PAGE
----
Miyanaga Akira, Angles, 2015 (Video Still), high-definition video, sound, 40 min, 46 sec. © Miyanaga Akira, courtesy Kodama Gallery, Tokyo.

If Crooks’ works are astoundingly precise, Hokkaido-born and Kyoto-based artist Miyanaga Akira’s videos were rougher and slightly less polished. Miyanaga takes similar inspiration from contemporary urban environments, constructing videos from footage of everyday scenes, and using similar post-production techniques of timelapse, splicing and superimposition. Miyanaga’s videos, however, were more immediately disorientating to the viewer, with many works constructed through clever doublings of shots and screens. The exhibition’s first video, See Saw (2015), presented a passage across a suspension bridge, the footage tilted and mirrored to give the impression of levitating and hurtling through the space. The duo of screen-based pieces Angles and See Same Sky (both 2015) presented similarly contorted passages through the urban environment. The passing views of skyscrapers, trees and various urban structures – possibly taken through a car window – were each densely layered with other imagery, creating highly fragmented and abstracted transits.

Miyanaga Akira, REAL TIME-MATERIEL, 2015 (Video Still), high-definition video, sound, 7 min, 3 sec. © Miyanaga Akira, courtesy Kodama Gallery, Tokyo.

Both Crooks and Miyanaga investigate and confound perceptions of time and space in contemporary urban environments. Despite their similar inspirations and technical processes, they end up conveying quite different understandings of temporality. In Crooks’ hands time is exceedingly flexible; it stretches and contracts, unfolds and refolds, and so transforms the metropolis and its inhabitants into otherworldly entities. Miyanaga’s videos speak to a more overwhelming and expansive experience of time and space in urban centres. The videos in REALTIME exploited and amplified the intensities and cacophonies of urban space, although I had the sense that this aural element could have been amplified and emphasised more in the exhibition’s installation. The decision to project most works onto white walls disappointingly washed out some of the striking visuals.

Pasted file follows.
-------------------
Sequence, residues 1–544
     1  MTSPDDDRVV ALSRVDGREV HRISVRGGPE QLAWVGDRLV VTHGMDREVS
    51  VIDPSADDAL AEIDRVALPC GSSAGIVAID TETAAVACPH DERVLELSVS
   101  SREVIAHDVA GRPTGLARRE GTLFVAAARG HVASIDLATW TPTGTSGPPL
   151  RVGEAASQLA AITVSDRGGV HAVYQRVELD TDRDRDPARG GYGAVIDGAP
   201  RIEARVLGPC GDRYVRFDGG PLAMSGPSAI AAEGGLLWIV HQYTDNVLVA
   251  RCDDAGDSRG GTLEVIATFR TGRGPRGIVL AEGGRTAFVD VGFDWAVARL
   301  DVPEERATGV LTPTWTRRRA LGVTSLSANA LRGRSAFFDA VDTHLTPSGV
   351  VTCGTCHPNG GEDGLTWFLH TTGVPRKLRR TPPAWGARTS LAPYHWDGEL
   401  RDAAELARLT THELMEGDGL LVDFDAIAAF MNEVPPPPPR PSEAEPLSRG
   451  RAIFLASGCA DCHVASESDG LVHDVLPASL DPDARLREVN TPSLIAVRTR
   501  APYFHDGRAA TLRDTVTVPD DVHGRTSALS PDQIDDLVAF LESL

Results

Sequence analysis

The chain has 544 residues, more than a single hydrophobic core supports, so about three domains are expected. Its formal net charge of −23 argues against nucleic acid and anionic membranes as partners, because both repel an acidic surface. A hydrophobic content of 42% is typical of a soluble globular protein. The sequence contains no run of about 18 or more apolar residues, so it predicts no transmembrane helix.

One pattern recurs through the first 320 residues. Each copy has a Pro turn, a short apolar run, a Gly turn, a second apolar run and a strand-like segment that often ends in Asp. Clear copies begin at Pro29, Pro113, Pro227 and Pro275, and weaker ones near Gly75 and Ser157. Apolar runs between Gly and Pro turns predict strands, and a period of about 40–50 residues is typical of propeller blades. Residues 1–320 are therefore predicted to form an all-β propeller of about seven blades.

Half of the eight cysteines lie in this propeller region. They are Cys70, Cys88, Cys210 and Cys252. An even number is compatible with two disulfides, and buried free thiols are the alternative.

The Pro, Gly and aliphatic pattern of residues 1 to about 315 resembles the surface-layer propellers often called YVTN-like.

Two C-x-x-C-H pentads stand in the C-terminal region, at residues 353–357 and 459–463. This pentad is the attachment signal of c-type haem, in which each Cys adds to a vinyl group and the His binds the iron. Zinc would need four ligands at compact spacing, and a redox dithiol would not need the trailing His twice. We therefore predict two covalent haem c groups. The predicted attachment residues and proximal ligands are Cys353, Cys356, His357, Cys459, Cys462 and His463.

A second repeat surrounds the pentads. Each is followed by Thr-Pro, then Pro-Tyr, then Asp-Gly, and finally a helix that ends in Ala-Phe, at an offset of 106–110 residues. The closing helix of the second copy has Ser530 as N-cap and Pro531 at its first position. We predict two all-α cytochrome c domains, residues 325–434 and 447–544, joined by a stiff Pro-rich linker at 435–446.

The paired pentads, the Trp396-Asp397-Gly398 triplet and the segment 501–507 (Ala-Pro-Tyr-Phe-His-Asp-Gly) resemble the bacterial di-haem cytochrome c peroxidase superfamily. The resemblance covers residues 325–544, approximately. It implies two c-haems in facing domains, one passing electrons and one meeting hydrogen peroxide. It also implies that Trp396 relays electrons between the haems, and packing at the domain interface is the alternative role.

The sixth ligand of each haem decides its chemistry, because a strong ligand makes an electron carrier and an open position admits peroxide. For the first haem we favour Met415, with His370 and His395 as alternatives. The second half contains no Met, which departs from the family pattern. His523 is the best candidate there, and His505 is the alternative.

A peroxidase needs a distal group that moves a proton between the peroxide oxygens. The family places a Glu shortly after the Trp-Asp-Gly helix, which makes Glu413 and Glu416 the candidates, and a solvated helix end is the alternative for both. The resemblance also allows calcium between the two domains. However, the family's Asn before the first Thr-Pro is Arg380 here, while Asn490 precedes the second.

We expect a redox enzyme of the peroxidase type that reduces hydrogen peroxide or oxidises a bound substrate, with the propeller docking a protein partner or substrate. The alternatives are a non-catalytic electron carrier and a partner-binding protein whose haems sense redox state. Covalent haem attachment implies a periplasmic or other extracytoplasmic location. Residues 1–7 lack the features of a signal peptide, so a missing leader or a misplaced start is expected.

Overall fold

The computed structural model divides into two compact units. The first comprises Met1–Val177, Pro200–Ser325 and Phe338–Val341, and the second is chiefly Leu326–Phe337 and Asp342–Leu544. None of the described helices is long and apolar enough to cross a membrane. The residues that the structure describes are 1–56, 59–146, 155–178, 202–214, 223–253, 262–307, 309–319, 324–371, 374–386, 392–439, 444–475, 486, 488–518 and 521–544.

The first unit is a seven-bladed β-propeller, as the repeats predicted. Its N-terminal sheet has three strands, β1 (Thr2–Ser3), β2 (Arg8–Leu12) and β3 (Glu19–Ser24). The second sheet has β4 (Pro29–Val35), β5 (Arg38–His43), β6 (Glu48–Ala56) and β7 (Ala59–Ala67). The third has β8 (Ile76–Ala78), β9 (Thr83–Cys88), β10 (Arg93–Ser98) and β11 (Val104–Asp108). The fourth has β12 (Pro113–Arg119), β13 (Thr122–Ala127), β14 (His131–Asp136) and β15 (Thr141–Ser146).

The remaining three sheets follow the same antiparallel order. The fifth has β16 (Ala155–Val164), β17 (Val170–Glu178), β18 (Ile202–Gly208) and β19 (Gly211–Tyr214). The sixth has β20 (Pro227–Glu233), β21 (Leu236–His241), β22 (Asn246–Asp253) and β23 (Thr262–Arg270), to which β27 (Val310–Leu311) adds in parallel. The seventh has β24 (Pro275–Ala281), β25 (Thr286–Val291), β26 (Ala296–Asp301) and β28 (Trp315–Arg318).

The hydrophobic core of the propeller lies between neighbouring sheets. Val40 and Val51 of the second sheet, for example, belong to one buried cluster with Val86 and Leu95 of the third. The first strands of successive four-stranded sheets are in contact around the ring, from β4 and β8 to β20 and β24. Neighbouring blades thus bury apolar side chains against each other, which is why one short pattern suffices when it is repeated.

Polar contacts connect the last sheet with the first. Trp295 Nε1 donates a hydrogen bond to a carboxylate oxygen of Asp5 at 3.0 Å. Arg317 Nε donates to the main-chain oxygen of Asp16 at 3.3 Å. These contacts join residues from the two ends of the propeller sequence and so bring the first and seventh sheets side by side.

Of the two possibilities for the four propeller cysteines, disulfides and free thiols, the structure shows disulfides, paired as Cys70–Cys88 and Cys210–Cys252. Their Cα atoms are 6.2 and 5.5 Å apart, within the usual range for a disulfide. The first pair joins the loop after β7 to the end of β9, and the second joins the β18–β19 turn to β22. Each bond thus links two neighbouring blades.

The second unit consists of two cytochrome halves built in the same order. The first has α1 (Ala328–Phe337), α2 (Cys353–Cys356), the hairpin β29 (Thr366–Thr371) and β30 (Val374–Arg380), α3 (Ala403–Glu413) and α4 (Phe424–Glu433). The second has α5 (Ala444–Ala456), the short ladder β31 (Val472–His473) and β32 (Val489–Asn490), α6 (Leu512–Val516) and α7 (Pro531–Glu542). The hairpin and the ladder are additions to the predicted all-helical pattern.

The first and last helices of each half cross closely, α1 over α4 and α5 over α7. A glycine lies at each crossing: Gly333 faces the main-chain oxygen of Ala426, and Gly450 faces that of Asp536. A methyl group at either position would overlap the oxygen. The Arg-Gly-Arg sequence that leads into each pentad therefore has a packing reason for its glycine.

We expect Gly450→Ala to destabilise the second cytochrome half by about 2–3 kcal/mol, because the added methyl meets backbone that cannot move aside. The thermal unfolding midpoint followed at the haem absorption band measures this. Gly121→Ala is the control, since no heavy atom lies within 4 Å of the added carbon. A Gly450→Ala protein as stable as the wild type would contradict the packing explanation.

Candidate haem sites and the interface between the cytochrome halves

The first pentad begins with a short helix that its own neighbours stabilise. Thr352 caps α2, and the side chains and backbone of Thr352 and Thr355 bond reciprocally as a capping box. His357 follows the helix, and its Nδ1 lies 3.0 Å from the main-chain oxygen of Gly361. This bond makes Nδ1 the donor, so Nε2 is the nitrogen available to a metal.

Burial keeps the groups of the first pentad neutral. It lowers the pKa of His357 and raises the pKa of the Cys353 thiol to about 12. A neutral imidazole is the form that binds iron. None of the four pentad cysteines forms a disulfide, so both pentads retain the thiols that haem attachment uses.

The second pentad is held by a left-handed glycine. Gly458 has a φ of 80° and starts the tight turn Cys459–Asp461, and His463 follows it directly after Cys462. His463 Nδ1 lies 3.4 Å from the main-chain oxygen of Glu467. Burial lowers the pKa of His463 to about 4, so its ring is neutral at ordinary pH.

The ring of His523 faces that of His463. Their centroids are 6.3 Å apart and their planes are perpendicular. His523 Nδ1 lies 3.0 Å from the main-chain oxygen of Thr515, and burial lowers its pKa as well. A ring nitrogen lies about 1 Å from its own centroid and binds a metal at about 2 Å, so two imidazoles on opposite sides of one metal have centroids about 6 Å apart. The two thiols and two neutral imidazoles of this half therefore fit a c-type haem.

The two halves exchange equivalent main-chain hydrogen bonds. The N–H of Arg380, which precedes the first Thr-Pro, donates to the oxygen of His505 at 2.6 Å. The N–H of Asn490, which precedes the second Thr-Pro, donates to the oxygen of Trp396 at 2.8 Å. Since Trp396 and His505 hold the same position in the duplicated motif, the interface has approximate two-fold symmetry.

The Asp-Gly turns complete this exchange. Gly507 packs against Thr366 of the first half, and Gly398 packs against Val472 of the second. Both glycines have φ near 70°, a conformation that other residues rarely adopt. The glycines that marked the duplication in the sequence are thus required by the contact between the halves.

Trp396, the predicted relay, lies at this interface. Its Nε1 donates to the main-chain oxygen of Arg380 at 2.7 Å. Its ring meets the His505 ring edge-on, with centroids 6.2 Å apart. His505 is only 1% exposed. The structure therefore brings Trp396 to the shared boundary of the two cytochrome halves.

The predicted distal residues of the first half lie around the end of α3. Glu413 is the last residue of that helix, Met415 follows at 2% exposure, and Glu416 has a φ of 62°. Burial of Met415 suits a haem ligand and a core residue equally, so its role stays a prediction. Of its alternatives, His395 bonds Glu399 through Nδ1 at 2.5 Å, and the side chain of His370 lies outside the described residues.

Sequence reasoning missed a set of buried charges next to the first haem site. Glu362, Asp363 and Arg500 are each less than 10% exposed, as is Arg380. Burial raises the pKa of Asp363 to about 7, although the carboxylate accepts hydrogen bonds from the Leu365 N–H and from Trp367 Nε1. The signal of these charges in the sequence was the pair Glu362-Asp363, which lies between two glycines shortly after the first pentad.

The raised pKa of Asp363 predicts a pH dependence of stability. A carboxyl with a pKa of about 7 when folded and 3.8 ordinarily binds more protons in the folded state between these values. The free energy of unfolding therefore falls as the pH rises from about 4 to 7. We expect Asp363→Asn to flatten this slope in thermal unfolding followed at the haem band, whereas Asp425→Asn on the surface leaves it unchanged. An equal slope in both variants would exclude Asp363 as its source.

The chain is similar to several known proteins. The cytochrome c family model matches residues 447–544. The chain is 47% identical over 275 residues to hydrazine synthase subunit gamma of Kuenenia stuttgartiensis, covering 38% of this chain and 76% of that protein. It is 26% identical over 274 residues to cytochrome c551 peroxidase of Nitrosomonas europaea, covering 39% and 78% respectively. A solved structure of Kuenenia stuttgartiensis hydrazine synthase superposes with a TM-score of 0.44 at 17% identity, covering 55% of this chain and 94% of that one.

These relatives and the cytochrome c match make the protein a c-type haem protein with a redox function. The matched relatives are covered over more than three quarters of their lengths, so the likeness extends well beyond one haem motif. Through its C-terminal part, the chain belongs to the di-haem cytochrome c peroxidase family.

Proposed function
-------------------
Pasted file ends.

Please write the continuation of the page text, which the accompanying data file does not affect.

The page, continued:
Miyanaga Akira, See Saw, 2015 Video Still, high-definition video, sound, 4 min, 24 sec. © Miyanaga Akira, courtesy Kodama Gallery, Tokyo.

Miyanaga’s videos took the surfaces, textures, sounds and views of the city, stitching them into dense, layered digital tapestries of urban environments. Yet in their expansiveness they at times lacked the sense of suspense and discovery that characterised Crooks’ works. The exception was the exhibition’s namesake piece, REALTIME-MATERIEL (2015). Perhaps this was because, like Crooks’ works, it centrally features bodies in space, as opposed to detached cameras moving through anonymous urban milieus. The video presents a highly recognisable and identifiable scene – a crowded Japanese subway station. Using timelapse photography, Miyanaga speeds up the already hectic movements until all the figures dissolve into a large tableau of refracted light and colours. It is telling that both artists resort to abstraction ultimately to depict their fascination with urban spaces. Miyanaga’s abstractions remain more closely tied to their referents, the city as a force of inspiration and alienation. Crooks takes this further. His temporal and visual slicing and morphing begin to exceed their urban subjects, creating a visual language drawn from the rhythms of the city, but somehow apart from it at the same time.

Kate Warren is a writer, curator and researcher based in Melbourne, with a particular interest in cross-overs between contemporary art, film, photography and moving image practices. She received her PhD in Art History from Monash University in 2016.